Type 2 diabetes is a chronic metabolic disorder caused by relative insensitivity to insulin combined with insufficient insulin secretion. It is characterised by high levels of blood glucose (hyperglycaemia). If prolonged, hyperglycaemia can cause microvascular and macrovascular damage. Improving blood glucose levels, blood pressure and lipid levels delays or prevents the complications of diabetes. Current practice aims to achieve a glycated haemoglobin (HbA1c) level of 6.5%, or 7.5% for those at risk of severe hypoglycaemia, although healthcare professionals appreciate that these targets will not be achieved by everyone.

The prevalence of diagnosed diabetes approximates 3.7% in England and 4.2% in Wales. This equates to more than 2 million people, of whom more than 85% have type 2 diabetes. Diabetes is estimated to account for at least 5% of healthcare expenditure in the UK, and up to 10% of hospital budgets. Type 2 diabetes usually occurs in people older than 40 years; however, it can occur earlier, particularly in people of South Asian or African – Caribbean origin.

Although lifestyle interventions (diet and physical activity) are the first-line treatments for the management of type 2 diabetes, most people subsequently need sequential addition of oral glucose-lowering drugs. Metformin is widely used as first-line oral therapy, with the sulfonylureas added as second-line therapy if glycaemic control remains poor or deteriorates. Other oral drugs for lowering blood glucose include alpha-glucosidase inhibitors, thiazolidinediones and meglitinides. Because type 2 diabetes is progressive, with secretion of insulin decreasing over time, most people with type 2 diabetes eventually need insulin. Healthcare professionals can prescribe a variety of formulations of insulin, including long- or short-acting formulations, or a pre-mixed (biphasic) combination of short- and long-acting insulins.

In recent years new agents have been developed for blood glucose control.

These include:

In addition, there have been recent safety concerns on the use of thiazolidinediones (pioglitazone and rosiglitazone) for blood glucose control in type 2 diabetes.

This short clinical guideline aims to improve the care of adults with type 2 diabetes by making evidence-based recommendations on the place of these newer drugs for blood glucose control in the care pathway.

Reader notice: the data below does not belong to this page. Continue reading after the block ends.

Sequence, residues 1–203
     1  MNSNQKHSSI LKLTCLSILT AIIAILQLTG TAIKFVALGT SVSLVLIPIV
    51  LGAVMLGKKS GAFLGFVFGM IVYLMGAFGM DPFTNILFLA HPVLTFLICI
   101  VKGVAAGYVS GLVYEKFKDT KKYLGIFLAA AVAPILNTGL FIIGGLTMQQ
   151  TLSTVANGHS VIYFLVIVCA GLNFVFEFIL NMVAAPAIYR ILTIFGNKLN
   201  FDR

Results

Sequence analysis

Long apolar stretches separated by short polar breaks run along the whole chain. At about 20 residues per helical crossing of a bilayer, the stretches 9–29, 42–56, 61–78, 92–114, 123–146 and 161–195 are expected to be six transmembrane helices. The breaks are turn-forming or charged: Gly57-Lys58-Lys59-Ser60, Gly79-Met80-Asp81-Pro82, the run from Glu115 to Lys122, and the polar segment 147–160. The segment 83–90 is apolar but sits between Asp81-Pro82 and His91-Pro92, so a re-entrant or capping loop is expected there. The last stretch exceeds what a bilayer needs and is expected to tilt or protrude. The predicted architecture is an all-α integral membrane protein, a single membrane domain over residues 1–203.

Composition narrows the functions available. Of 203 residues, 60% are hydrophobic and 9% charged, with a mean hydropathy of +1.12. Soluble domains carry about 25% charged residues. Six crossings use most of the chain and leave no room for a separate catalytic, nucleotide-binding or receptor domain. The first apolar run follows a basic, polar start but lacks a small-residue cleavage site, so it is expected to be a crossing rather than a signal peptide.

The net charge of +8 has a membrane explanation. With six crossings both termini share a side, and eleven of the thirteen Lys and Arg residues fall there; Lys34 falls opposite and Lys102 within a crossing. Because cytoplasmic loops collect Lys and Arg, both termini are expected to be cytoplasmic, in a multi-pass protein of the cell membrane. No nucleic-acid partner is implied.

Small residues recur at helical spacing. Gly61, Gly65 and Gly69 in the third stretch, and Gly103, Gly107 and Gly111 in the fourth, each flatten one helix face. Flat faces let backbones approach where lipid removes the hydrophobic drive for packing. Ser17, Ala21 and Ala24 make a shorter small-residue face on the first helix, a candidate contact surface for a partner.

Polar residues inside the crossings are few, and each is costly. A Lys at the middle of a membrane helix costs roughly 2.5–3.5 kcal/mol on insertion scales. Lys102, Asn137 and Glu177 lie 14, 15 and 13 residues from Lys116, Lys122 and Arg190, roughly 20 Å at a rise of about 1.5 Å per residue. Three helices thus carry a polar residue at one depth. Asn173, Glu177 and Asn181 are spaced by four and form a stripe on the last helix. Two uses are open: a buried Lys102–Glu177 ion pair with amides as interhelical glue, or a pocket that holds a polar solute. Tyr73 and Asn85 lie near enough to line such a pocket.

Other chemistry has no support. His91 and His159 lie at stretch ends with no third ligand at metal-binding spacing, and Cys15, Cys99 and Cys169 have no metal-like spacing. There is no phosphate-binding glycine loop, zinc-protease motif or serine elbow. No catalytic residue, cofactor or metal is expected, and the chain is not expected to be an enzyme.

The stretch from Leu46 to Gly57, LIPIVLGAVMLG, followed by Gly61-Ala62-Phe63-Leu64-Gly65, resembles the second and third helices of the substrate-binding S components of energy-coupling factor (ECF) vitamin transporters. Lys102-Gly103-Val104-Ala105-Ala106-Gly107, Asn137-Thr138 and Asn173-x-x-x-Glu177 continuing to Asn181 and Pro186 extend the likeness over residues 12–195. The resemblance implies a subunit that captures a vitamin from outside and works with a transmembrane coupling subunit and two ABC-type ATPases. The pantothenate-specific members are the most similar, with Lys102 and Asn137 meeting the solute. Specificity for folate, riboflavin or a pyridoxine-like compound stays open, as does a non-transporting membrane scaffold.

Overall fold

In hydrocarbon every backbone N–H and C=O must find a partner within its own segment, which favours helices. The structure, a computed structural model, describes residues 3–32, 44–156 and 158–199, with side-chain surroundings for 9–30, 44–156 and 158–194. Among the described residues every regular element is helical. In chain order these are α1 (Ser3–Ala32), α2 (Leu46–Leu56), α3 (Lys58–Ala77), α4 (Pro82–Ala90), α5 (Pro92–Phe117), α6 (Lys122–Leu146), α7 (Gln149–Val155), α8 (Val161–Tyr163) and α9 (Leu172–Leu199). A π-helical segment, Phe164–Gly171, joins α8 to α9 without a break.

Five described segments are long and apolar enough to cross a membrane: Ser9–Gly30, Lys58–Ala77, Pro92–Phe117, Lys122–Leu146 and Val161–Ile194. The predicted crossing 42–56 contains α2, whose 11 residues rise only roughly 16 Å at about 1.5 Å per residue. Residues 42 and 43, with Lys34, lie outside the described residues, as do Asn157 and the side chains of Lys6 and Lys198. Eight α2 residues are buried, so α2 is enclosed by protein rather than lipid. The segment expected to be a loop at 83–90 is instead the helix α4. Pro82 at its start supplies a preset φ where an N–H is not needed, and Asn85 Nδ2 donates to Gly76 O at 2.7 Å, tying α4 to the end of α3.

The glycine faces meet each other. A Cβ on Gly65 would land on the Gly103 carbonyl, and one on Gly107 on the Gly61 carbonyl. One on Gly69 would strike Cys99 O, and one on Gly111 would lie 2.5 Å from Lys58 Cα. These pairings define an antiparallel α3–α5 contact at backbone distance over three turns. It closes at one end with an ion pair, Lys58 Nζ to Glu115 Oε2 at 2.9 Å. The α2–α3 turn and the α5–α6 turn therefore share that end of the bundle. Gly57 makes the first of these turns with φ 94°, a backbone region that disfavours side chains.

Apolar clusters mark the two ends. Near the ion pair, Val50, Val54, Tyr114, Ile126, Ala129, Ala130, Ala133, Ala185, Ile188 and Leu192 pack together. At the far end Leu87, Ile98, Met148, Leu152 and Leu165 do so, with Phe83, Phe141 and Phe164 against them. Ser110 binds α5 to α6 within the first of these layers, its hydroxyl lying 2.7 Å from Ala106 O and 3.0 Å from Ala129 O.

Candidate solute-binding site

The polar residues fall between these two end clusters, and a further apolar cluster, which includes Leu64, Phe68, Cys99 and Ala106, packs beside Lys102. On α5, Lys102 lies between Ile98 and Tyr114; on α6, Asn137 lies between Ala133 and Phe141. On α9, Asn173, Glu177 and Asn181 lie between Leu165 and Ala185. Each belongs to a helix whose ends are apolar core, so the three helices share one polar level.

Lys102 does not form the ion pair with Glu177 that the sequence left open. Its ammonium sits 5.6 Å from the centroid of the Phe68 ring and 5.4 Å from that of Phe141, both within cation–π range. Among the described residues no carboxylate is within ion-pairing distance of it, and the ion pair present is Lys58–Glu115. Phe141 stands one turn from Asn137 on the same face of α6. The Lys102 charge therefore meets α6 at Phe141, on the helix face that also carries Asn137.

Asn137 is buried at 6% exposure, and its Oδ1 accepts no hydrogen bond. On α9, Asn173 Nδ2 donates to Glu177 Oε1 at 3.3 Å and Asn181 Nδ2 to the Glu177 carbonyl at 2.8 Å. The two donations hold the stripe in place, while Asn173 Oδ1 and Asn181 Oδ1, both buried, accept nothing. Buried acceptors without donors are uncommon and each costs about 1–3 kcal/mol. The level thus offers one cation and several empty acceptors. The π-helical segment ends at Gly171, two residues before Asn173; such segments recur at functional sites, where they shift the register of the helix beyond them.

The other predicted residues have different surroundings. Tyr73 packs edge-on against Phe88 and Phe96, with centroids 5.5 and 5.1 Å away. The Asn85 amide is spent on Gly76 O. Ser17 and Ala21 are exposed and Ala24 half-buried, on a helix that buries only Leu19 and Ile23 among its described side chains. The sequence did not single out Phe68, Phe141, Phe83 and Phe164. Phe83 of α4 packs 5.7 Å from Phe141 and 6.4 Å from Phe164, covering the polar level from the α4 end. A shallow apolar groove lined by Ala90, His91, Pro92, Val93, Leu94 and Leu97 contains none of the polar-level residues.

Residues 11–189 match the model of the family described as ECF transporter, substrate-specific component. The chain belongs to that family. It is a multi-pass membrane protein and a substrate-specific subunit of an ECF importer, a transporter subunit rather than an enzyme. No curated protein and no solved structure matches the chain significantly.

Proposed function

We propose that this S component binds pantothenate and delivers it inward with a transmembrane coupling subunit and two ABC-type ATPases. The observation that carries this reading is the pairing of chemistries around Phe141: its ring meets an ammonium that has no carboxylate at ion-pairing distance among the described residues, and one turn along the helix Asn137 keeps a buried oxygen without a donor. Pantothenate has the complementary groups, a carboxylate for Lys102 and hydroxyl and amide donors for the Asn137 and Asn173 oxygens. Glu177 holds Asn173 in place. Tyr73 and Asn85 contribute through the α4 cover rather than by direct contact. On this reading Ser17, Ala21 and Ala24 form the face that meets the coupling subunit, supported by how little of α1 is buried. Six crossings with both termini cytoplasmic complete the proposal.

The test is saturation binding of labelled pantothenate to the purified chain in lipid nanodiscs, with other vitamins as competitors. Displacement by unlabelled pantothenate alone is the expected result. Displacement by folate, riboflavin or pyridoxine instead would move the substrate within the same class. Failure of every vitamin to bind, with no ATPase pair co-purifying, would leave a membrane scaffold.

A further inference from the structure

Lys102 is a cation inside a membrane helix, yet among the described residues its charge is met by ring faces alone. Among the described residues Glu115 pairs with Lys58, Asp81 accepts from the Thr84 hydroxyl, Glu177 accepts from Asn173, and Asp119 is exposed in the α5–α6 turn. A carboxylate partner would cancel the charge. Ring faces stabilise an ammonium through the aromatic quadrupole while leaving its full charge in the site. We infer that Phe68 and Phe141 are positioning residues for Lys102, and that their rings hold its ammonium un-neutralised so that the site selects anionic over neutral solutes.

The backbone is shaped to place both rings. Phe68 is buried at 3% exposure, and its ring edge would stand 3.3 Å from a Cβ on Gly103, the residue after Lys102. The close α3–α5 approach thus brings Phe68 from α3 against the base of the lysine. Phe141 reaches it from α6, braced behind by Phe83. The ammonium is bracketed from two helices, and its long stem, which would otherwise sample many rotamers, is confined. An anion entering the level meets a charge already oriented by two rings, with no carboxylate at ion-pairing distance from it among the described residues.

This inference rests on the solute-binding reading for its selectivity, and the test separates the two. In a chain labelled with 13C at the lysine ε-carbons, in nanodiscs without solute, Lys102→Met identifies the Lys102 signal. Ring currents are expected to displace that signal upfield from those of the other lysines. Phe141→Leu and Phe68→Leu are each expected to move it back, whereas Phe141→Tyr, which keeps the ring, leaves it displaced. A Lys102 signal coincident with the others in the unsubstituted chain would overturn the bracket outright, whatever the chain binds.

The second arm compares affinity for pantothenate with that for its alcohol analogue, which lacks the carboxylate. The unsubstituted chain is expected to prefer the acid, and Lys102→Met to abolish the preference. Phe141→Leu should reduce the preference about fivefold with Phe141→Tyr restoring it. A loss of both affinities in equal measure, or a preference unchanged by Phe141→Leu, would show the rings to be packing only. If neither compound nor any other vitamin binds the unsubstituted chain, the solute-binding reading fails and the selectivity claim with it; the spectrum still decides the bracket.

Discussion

1.3.2. The NICE short clinical guideline programme

‘Type 2 diabetes: newer agents for blood glucose control in type 2 diabetes’ (NICE short clinical guideline 87) is a NICE short clinical guideline. For a full explanation of the process, see www.nice.org.uk/guidelinesmanual.

1.3.3. Using this guideline

This document is for healthcare professionals involved in the management of people with type 2 diabetes. The target population is adults with type 2 diabetes. This guidance does not apply to pregnant women with diabetes.

This is the full version of the guideline. It is available from www.nice.org.uk/CG87. Printed summary versions of this guideline are available: ‘Understanding NICE guidance’ (a version for patients and carers) and a quick reference guide (for healthcare professionals). These are also available from www.nice.org.uk/CG87

1.3.4. Using recommendations and supporting evidence

The Guideline Development Group (GDG) reviewed the evidence (see section 4 and appendices 6.2 and 6.3). For each clinical question, the GDG was presented with a summary of the clinical and economic evidence, based on the studies reviewed and appraised. From this information the GDG derived the guideline recommendations. The link between the evidence and the view of the GDG in making each recommendation is made explicit in section 2.7 ‘Interpreting the evidence to make recommendations’.

Oral drugs are listed first.

At the time of publication, sitagliptin was the only DDP-4 inhibitor with UK marketing authorisation for use in this combination.

Because of employment, social or recreational issues related to putative hypoglycaemia, injection anxieties, other personal issues or obesity.

Because of employment, social or recreational issues related to putative hypoglycaemia, injection anxieties, other personal issues or obesity.

At the time of publication pioglitazone was the only thiazolidinedione with UK marketing authorisation for use with insulin.

Because of employment, social or recreational issues related to putative hypoglycaemia, injection anxieties, other personal issues or obesity.

This recommendation is from NICE clinical guideline 66.

See NICE clinical guideline 87.

Footnotes

1

Oral drugs are listed first.

2

At the time of publication, sitagliptin was the only DDP-4 inhibitor with UK marketing authorisation for use in this combination.

3

Because of employment, social or recreational issues related to putative hypoglycaemia, injection anxieties, other personal issues or obesity.

4

Because of employment, social or recreational issues related to putative hypoglycaemia, injection anxieties, other personal issues or obesity.

5

At the time of publication pioglitazone was the only thiazolidinedione with UK marketing authorisation for use with insulin.

6

Because of employment, social or recreational issues related to putative hypoglycaemia, injection anxieties, other personal issues or obesity.

7

This recommendation is from NICE clinical guideline 66.

8

See NICE clinical guideline 87.

Copyright © 2009, National Institute for Health and Clinical Excellence.

All rights reserved. This material may be freely reproduced for educational and not-for-profit purposes. No reproduction by or for commercial organisations, or for commercial purposes, is allowed without the express written permission of NICE.

Bookshelf ID: NBK61845